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Oil Prices Fall After Unexpected Supply Increase

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Crude-oil futures ended lower Wednesday, breaking a five-session winning streak after a government update showed a surprise increase in inventories.

Crude for October delivery retreated 16 cents, or 0.2%, to settle at $97.01 a barrel on the New York Mercantile Exchange.

Oil were in and out of the red for most of the session, trading as high as $98.06 a barrel earlier. Oil changed hands at $97.24 a barrel moments before the supply report.

The Energy Information Administration reported an increase of 2 million barrels for the week ended Sept. 7.

That contrasted with analyst expectations of a decline of 3.3 million barrels, according to Platts.

The EIA also reported a drop of 1.2 million barrels in gasoline inventories as well as an increase of 1.5 million barrels in distillates stocks. The analysts surveyed by Platts had expected gasoline and distillates inventories to be down by 2.3 million barrels and 1.5 million barrels, respectively, on the week.

Gasoline futures turned lower mid-session, with the October contract down 4 cents, or 1.4%, to settle at $3 a gallon. That snapped a four-day winning streak for gasoline futures.

October heating oil held to gains, up 3 cents, or 0.9%, to $3.21 a gallon. The settlement was heating oil’s highest since April 3.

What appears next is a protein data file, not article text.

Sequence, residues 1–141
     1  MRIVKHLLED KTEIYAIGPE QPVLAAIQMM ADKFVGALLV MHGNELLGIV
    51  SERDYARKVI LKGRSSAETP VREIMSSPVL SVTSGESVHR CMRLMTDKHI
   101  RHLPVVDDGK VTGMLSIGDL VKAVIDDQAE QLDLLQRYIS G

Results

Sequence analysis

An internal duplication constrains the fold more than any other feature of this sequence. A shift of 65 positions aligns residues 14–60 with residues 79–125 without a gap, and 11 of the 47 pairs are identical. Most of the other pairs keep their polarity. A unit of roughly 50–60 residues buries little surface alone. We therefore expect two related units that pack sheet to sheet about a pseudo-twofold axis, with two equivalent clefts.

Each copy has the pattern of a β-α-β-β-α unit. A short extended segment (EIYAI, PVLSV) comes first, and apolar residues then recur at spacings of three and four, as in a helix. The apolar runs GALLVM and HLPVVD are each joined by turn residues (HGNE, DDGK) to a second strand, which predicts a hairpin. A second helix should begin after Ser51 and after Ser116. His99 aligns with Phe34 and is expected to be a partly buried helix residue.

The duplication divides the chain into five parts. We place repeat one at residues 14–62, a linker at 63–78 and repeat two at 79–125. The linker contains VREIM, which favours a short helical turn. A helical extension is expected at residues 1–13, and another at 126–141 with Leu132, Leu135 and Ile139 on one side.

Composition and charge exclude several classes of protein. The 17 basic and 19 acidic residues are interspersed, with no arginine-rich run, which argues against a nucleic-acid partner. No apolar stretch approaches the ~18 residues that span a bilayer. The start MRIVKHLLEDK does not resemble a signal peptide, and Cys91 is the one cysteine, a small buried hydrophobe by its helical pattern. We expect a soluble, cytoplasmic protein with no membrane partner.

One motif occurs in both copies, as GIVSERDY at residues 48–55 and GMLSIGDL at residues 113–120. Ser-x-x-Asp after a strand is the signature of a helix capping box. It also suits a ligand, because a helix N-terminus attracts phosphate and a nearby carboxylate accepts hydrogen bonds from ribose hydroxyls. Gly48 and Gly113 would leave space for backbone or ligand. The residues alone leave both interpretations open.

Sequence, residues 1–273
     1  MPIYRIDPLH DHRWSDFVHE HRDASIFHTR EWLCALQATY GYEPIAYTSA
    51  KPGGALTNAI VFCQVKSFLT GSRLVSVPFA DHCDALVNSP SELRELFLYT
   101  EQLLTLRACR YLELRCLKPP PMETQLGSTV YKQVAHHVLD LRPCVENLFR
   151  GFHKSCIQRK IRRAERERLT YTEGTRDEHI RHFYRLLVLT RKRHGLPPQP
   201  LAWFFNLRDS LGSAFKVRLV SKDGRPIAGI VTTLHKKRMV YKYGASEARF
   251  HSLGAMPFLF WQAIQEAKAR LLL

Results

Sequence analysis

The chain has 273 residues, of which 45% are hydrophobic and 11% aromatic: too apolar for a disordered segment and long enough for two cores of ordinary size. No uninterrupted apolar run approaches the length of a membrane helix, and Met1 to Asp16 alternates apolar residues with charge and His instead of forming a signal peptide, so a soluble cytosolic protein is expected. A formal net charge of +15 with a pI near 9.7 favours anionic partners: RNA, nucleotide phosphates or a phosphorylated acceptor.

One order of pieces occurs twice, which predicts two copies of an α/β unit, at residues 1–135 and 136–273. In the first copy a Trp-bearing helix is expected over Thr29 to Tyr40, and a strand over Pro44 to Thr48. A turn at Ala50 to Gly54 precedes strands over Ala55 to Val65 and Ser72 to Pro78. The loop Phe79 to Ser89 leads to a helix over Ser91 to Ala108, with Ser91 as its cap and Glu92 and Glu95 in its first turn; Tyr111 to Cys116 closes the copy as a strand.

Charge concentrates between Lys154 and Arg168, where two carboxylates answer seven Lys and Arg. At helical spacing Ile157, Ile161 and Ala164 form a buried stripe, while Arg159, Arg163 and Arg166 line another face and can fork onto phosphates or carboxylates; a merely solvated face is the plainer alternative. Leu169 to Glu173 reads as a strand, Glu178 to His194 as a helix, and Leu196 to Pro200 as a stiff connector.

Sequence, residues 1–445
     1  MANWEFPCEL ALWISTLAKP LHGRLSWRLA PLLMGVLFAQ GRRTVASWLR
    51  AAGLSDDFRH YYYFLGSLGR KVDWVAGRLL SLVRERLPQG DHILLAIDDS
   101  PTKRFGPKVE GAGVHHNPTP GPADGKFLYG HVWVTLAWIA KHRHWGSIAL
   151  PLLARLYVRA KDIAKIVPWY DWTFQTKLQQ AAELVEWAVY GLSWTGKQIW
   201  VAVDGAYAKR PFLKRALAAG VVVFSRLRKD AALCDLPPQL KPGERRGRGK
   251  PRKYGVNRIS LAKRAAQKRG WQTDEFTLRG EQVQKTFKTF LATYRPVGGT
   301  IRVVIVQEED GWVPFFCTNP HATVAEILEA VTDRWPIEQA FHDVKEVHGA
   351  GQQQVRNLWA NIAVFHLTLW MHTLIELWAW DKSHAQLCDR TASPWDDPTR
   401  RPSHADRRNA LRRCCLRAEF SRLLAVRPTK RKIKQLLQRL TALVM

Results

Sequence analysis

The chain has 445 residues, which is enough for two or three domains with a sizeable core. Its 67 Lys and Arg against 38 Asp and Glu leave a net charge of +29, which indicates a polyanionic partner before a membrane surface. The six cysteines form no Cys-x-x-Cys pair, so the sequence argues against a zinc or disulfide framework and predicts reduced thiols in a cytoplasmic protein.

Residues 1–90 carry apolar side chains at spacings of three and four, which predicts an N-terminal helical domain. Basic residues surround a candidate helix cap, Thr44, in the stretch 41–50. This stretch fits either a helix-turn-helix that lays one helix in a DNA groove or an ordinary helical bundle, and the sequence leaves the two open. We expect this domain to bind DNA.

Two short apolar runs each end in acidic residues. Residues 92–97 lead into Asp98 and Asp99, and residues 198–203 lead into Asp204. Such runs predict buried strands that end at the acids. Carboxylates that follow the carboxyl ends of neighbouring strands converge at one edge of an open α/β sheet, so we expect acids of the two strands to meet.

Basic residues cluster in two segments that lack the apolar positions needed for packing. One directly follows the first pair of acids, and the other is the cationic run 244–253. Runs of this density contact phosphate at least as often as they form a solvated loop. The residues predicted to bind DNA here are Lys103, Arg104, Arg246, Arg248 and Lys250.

Crude settled 0.7% higher on Tuesday, a fifth consecutive session of gains, boosted in part by hopes for central-bank stimulus.

Such hopes started to fade a bit as the U.S. Federal Reserve’s policy-setting meeting got underway, said David Bouckhout, an analyst with TD Securities. “Investors took some risk off the table” before the announcement on Thursday at the conclusion of the two-day meeting, he said.

Some support came from geopolitical concerns and a decision by a German court. Energy traders kept an eye on developments in the Middle East after the U.S. ambassador to Libya was killed in Benghazi on Tuesday.

Brent crude for November delivery advanced 56 cents, or 0.5%, to $115.33 a barrel on ICE Futures London, trimming early gains. Brent is traditionally more sensitive to concerns about the Middle East.

Earlier Wednesday, a German court ruling cleared the way for ratifying Europe’s bailout plan. Germany’s Federal Constitutional Court said it won’t block the ratification of the European Stability Mechanism, potentially getting Europe a step closer to solving its sovereign-debt crisis.

Also Wednesday, the International Energy Agency said global pressures are clouding the oil-market outlook. It maintained its oil-demand growth forecasts for 2012 and 2013 at 800,000 barrels a day.

Source: https://www.marketwatch.com